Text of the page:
Logical Reasonings / 7.2.15

A) Above the Law’s take on Bloomberg’s “Top 10 Most Underrated Law Schools.” (Hint: They don’t like it.) Above the Law

B) Stanford announced that tuition will be free to anyone from families that makes less than $125,000 per year. If only law schools would follow suit! Second Nexus

C) The Justice Department is investigating whether airlines colluded to keep flights full and ticket prices high. Ouch. The New York Times

D) Are you sick of hearing about the Duggars yet? Well, too bad, because it was just announced that one of the victims of Josh Duggar’s molestation is suing him. Buckle your seatbelts, everyone. InTouch Weekly

E) Just in time for the long weekend, The Atlantic investigates day drinking and concludes that low-alcohol beer is the best choice for drinking all day. Bottoms up! The Atlantic

Jul 2, 2015 - 2:41 pm - By Greg Nix
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June 2015 LSAT Scores Released

Yesterday was a big day in LSAT World, as the scores for the June 2015 LSAT were released late in the day.

Here’s how the curve broke down:
-10 for a 170
-26 for a 160
-44 for a 150

This means that you could’ve missed 10 questions and gotten a 170, and so on and so forth. Also of note is the fact that it was not possible to get a 179, 175, or a 122 on this exam.

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Jul 2, 2015 - 7:04 am - By Laura Santoski
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What Do Millennials Really Want?

I’ve got an unfortunate bit of news for you prestige-hounds in the audience: The palatial “corner office” may be on its way out. While this is surely a source of chagrin for baby-boomer lawyers nation-wide, Nixon Peabody’s DC offices are confident it will be a boon for millennials.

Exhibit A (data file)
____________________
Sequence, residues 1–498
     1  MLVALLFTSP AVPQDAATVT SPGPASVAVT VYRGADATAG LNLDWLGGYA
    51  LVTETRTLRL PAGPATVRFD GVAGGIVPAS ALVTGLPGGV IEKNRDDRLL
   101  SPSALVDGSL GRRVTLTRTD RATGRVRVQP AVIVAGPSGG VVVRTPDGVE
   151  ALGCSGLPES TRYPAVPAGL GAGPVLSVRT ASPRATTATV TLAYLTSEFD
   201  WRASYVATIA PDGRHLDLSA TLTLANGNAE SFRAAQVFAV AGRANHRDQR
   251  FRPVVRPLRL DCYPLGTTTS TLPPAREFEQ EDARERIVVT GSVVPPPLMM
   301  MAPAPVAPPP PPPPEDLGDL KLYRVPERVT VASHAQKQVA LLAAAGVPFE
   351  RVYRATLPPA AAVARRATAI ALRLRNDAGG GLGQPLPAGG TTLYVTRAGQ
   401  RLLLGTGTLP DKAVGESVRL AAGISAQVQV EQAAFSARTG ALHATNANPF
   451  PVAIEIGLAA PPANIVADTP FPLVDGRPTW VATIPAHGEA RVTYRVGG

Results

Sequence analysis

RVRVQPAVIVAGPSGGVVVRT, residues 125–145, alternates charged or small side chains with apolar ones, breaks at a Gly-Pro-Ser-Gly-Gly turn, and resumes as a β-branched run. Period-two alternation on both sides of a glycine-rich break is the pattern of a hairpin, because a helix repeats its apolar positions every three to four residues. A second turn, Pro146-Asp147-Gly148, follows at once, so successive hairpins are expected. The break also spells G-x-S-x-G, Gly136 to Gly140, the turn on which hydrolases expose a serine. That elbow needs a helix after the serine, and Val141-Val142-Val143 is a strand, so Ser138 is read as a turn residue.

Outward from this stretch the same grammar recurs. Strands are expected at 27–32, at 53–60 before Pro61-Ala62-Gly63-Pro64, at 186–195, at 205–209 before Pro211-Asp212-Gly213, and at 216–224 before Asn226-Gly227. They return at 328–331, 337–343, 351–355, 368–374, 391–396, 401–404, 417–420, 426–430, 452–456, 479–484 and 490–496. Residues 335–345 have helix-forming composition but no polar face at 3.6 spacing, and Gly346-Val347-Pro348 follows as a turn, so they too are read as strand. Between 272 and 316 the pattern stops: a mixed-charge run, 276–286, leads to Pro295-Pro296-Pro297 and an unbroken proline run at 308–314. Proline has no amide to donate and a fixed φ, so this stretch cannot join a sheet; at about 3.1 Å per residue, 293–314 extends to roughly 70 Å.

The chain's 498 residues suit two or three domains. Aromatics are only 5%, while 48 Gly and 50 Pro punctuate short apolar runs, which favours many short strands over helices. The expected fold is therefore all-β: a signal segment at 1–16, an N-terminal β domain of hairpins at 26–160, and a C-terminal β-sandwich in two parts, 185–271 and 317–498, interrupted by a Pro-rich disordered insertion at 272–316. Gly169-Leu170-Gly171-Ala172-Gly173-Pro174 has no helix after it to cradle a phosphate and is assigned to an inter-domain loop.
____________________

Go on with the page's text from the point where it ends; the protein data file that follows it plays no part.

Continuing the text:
That seems to be the target of a vast new office design campaign taking hold in major cities throughout the country. Perhaps in imitation of California’s start-up culture, many firms are opting to throw out the classic model of imposing marble reception desks with modest associate setups and coruscating , large-windowed, partner offices. In its place is a more democratic, open, and communal office environment focused on equity and collaboration. In the case of Nixon Peabody, the aesthetic is completed with a massive wall of television sets, which fill the quixotic millennial’s bright, wide eyes all day long with tales of the firm’s pro bono beneficence.

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Jul 1, 2015 - 6:25 pm - By Robert Seaney
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Logical Reasonings / 7.1.15

A) A jury ruled that the former University of Iowa Law dean didn’t politically discriminate when she said “no thanks” to a conservative who wanted to join the faculty. ABC

B) Here are the “10 most underrated law schools” based on an alternative ranking system developed by a law professor, as compared to USNWR. Campbell Class of 2019? Bloomberg

C) The California legislature has been busy lately. Today, a law takes effect that guarantees paid sick leave to all full-time and part-time employees. USA Today

D) A study found that most major law firms don’t give very much money to support legal aid. Too busy redesigning their offices, presumably. The New York Times

E) Tonight, Venus and Jupiter will appear closer together than they have in almost a decade. National Geographic

Jul 1, 2015 - 11:57 am - By Greg Nix
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Cliffs Notes: Supreme Court Edition

If you’ve been living under a rock for the last week (or have somehow managed to avoid social media completely), you might not know that the Supreme Court has made some extremely important decisions. Or, perhaps you’ve been inundated with countless, unsolicited opinions on those decisions. Worry not about sounding uninformed in front of your friends, because we’ll give you a quick summary of a few of the Supreme Court’s recent rulings.

First and foremost, in Obergefell v. Hodges, the Court determined that same-sex marriage is a fundamental right protected under the Fourteenth Amendment. I would feel remiss in not including the following passage from the majority opinion, written by Justice Anthony Kennedy:

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Jun 30, 2015 - 6:41 pm - By Philip Mayer
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